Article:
Posted by Nikunj Patel on December 15th, 2014
Venturi scrubbers are economical pollution-control devices, employed in industrial plants to remove harmful solid particles from exhaust gas streams before being exposed to atmosphere. The contaminated gas is filtered by the stream of water droplets that capture the particles and absorb them from the gas stream. It consists of three main sections: a convergent, throat and a diffuser. The gas is made to enter through the convergent section of the scrubber, which increases the gas velocity.
However, upon reaching the throat section, its velocity attains uniformity and begins to reduce once the gas flows through the diffuser. The scrubbing liquid is introduced usually at the convergent or throat section, where the gas velocity is much higher. As such, the performance of the venture scrubber relies on the collection and absorption efficiency along with operating conditions such as injection system and fluid velocities.
The fraction of liquid inside the scrubber is an important parameter to decide the performance as liquid-free regions will leave the flue gases as it is without absorbing the particles. In order to evaluate the venture system, experimental investigations are often costly and requires complex test bench to capture accurate physics.
Additionally, it is quite difficult to obtain information on the fluid flow and mixing characteristics inside the scrubber unit. As such, use of simulation tools has emerged as powerful tools, allowing designers to improve the design and physical phenomenon inside the scrubber.
To simulate the flow process inside the scrubber requires accurate understanding of flow parameters of gas as well as the scrubbing liquid. The foremost requirement is to build a computational domain that must include all the necessary details that otherwise would affect the flow field. Defining the boundary conditions shall include specifying the mass flow rate and pressure conditions of the gas and scrubbing liquid at the inlet.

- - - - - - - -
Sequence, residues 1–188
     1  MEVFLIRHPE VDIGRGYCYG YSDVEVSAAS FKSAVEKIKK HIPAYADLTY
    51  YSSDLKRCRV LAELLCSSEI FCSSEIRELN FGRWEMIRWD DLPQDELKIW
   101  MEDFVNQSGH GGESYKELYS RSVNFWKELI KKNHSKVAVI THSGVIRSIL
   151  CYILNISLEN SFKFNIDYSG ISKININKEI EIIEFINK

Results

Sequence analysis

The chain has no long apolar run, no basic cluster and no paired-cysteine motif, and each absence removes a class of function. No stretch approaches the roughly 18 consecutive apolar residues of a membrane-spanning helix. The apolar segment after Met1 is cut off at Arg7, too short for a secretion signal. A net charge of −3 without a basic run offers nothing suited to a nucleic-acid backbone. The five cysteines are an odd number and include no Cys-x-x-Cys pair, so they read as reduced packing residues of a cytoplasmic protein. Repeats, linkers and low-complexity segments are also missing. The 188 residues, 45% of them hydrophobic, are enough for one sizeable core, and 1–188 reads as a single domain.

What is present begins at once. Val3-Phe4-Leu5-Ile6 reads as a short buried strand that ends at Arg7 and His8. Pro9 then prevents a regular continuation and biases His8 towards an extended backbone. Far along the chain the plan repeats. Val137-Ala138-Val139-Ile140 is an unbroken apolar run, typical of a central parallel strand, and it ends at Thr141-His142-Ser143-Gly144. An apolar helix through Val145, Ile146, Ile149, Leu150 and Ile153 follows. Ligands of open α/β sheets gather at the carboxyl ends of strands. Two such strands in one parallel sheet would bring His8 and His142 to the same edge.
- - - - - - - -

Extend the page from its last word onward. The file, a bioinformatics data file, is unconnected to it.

For the outlet, pressure boundary conditions must be applied and at the walls, no-slip conditions shall be imposed for both liquid and gas. It is also required to select a suitable turbulence model. Since the gas behaves as a continuous fluid and liquid as dispersed, the two phase flow can be simulated by using k-epsilon turbulence model for the gas and dispersed phase zero equation model for the liquid.
It is also important to ensure mesh independence to ensure meaningful results from CFD simulations. This requires having fine meshed domain, despite the consumption of extra simulation time, in order to ensure much closer results to that of the experimental tests.
The k-epsilon turbulence model will provide insights on the effect of turbulence on liquid fraction and required mass flow rate, to ensure sufficient diameter of gas and liquid droplets for maximum absorption. Velocity streamlines will also help in determining the liquid-gas contact regions more comprehensively.
Additionally, it is possible to evaluate the exit spray angle from the nozzle to ensure maximum reach of the gas stream in the mixing chamber. As such, the CFD results will provide enough room for the designers to optimize the scrubber geometry, in order to obtain maximum performance. Once the design is optimized, a prototype test can be followed to validate the significance of CFD results.
About Author: Nikunj Patel is a design engineer working with Hi-Tech CADD Services for the past 4 years. He loves designing specialized industrial equipments and can always be found in the lab discussing, brainstorming & tweaking designs. He has also worked on architectural projects taking interest in every aspect of design & analysis.
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